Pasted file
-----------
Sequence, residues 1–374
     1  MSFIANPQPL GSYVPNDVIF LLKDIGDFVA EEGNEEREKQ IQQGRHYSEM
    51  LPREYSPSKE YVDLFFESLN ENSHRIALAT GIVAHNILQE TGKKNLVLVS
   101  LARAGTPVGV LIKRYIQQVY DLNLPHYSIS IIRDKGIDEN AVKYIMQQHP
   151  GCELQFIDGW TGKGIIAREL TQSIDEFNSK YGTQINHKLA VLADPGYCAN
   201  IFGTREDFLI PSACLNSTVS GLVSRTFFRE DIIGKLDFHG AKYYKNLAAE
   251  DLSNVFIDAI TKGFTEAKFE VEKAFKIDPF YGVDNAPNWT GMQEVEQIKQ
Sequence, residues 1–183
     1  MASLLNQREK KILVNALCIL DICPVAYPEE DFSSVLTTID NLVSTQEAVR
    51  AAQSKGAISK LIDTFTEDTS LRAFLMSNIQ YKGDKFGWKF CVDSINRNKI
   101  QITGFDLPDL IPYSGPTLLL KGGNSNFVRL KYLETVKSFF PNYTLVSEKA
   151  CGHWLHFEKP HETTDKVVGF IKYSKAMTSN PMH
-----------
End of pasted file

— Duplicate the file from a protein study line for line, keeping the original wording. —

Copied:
Sequence, residues 1–374
     1  MSFIANPQPL GSYVPNDVIF LLKDIGDFVA EEGNEEREKQ IQQGRHYSEM
    51  LPREYSPSKE YVDLFFESLN ENSHRIALAT GIVAHNILQE TGKKNLVLVS
   101  LARAGTPVGV LIKRYIQQVY DLNLPHYSIS IIRDKGIDEN AVKYIMQQHP
   151  GCELQFIDGW TGKGIIAREL TQSIDEFNSK YGTQINHKLA VLADPGYCAN
   201  IFGTREDFLI PSACLNSTVS GLVSRTFFRE DIIGKLDFHG AKYYKNLAAE
   251  DLSNVFIDAI TKGFTEAKFE VEKAFKIDPF YGVDNAPNWT GMQEVEQIKQ
Sequence, residues 1–183
     1  MASLLNQREK KILVNALCIL DICPVAYPEE DFSSVLTTID NLVSTQEAVR
    51  AAQSKGAISK LIDTFTEDTS LRAFLMSNIQ YKGDKFGWKF CVDSINRNKI
   101  QITGFDLPDL IPYSGPTLLL KGGNSNFVRL KYLETVKSFF PNYTLVSEKA
   151  CGHWLHFEKP HETTDKVVGF IKYSKAMTSN PMH